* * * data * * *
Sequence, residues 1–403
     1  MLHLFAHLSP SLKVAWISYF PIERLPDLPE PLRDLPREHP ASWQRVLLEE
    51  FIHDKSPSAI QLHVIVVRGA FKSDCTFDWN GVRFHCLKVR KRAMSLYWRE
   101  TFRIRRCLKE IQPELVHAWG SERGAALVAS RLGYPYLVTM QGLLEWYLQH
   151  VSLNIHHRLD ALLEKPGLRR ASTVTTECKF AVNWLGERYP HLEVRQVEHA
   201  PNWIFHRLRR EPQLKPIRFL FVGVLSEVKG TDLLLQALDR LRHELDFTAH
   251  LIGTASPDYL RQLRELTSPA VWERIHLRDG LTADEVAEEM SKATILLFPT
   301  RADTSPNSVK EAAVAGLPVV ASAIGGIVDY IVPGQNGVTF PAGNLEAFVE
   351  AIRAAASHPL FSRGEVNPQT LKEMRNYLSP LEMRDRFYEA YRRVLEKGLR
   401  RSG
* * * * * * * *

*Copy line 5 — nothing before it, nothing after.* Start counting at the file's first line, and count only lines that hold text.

   151  VSLNIHHRLD ALLEKPGLRR ASTVTTECKF AVNWLGERYP HLEVRQVEHA